Wednesday, 21 May 2014



Welcome to my blog, a revival of my TV episode reviews that used to run on my old Greenside Comics Blog. I have been working my way through a huge pile of DVDs of old (and not-so-old) TV shows and blogging on them. Some classic, some not-so-classic and some frankly that you may have wished I hadn't come across (yes, I'm looking at you 'The Starlost'!). Shows that may have outstayed their welcome, and shows that died far too early.
There is no real system to the order in which I view series. The episodes themselves will be in order, either original transmission order, production order or just the order they're on on the DVD, but which series I'll dip into for each blog entry will appear to be completely random. There is a definite swing towards shows of a sci-fi or fantasy nature, as those are my favourite genres, but there will be others – spy shows, cop shows, mystery, comedy, historical drama, the occasional Western. So let's get going...


Mission Impossible is one of those shows that sometimes isn't easy to catagorise. It started out in the spy show genre, although lacking the more fantastical elements of shows such as The Man From U.N.C.L.E. or The Wild, Wild West. After a while, maybe feeling that the spy elements had run its course, the show shifted towards a crime drama in which the members of The IMF would go up against organised crime as opposed to foreign powers. It ran seven seasons in it's original run, then was revived a decade later for another two season run. Later still, it came back as a series of blockbuster movies starring Tom Cruise, which attempted to pass itself off as a continuation of the TV series, even though the charm of the original was sadly lacking.
It all begins here, with a lighted fuse and that iconic theme tune in 5/4 by Lalo Schifrin – surely one of the most famous themes in television history. A rapid fire title sequence, intercut with action from the weeks episode gives way to Dan Briggs (Steven Hill), leader of the Impossible Missions Force entering a record store and requesting a specific LP, which he then plays and receives the details of this weeks mission...
"Good morning, Mr. Briggs. General Rio Dominguez, the dictator of Santa Costa, makes his headquarters in the Hotel Nacionale. We've learned that two nuclear warheads furnished to Santa Costa by an enemy power are contained in the hotel vault. Their use is imminent. Mr. Briggs, your mission, should you decide to accept it, would be to remove both nuclear devices from Santa Costa. As always, you have carte blanche as to method and personnel, but of course should you or any member of your IM Force be caught or killed, the Secretary will disavow any knowledge of your actions. As usual, this recording will decompose one minute after the breaking of the seal. I hope its, "Welcome back, Dan." It's been awhile!"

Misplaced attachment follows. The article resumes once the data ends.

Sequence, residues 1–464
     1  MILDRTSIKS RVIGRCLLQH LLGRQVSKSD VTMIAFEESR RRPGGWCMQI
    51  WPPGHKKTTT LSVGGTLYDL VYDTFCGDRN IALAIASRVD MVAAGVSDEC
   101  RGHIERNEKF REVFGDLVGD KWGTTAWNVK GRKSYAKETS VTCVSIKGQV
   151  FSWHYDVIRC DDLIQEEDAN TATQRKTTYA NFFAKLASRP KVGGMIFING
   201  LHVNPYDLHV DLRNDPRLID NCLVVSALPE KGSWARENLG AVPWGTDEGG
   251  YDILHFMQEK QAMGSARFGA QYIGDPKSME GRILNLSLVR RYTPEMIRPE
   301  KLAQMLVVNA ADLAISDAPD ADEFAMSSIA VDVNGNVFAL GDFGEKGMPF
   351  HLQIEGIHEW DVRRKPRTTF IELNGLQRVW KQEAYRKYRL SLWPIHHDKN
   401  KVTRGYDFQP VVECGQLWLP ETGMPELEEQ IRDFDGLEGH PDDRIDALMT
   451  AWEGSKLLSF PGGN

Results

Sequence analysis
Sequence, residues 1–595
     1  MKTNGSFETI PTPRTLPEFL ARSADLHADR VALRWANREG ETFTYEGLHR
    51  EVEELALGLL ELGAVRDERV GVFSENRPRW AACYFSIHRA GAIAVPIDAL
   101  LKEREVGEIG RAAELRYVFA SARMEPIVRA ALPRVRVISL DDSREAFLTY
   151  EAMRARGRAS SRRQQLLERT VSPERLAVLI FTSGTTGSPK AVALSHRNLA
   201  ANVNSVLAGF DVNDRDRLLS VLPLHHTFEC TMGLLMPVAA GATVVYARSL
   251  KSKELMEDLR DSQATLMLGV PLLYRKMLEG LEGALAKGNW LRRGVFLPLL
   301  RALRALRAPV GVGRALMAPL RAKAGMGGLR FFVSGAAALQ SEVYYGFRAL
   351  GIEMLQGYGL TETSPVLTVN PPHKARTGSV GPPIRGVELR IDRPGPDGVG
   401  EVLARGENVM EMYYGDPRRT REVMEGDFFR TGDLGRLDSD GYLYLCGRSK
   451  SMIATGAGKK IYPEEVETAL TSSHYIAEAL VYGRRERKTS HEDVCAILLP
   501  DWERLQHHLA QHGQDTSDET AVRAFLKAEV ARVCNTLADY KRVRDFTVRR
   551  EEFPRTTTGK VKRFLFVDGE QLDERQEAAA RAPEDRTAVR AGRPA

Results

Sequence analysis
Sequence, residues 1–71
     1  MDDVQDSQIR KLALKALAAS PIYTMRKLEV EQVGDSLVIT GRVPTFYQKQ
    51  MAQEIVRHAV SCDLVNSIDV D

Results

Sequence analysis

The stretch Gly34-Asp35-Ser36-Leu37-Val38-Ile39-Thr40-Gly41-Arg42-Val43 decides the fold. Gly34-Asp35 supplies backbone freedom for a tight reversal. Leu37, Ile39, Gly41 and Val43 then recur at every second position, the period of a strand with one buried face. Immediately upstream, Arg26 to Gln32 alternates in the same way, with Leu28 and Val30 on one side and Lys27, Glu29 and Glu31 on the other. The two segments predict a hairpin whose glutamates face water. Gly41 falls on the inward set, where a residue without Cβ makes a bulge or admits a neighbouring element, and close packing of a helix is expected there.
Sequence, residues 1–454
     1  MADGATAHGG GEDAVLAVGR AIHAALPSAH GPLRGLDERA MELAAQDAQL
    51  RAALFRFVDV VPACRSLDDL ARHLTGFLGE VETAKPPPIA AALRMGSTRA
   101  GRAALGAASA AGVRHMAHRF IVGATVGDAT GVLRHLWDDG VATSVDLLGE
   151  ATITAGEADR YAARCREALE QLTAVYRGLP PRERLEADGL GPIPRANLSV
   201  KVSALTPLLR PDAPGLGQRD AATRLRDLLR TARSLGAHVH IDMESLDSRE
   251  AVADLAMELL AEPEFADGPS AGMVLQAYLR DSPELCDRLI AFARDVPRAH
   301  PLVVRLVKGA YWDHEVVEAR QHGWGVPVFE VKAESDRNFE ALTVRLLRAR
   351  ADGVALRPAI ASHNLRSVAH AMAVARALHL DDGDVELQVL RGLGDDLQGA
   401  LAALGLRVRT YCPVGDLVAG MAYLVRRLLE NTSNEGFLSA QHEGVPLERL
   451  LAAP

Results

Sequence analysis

The LP then self destructs and Briggs returns to his apartment where he selects his team for this mission. Rollin Hand, master of disguise, played by Martin Landau who is listed as a guest star, not as a series regular; Terry Targo, safe cracker (guest star Wally Cox); electronics expert Barney Collier (Greg Morris); strongman Willy Armitage (Peter Lupis) and femme fatale Cinnamon Carter (Barbara Bain). Bizarrely no matter what the nature of the mission, Briggs would use the same team week after week with Cox's character replaced when needed by another expert-of-the-week. And Briggs, who judging by the mission specifics given by the mysterious voice on the LP had just returned from some unexplained sabbatical, would disappear at the end of the first season without explanation, to replaced by Jim Phelps (Peter Graves) who would stay with the show for the rest of it's run, including the 1980's revival. In fact Phelps was so much the face of the show that when the first of the big-budget films starring Tom Cruise used Phelps turning traitor as part of the plot, fans were in uproar. Now if it had been Briggs who had been revealed to have been the traitor...
Anyway, the team head off to Santa Costa to retrieve the nuclear warheads. The convoluted plan involves Rollin impersonating General Dominguez, Barney tampering with a TV camera and microphone and also rigging a fireworks display, Terry removing the warheads from their container in the hotel vault, which he will also break out of and Willy transporting the 200 pound warheads from the vault by hand. Oh and Cinnamon? She will do "what comes naturally(!)"
Needless to say, things don't quite go to plan. Terry's hands are broken when Dominguez slams a door on them. Although if you look carefully it's obvious that the “hands” caught in the door are a pair of fakes held by actor Wally Cox.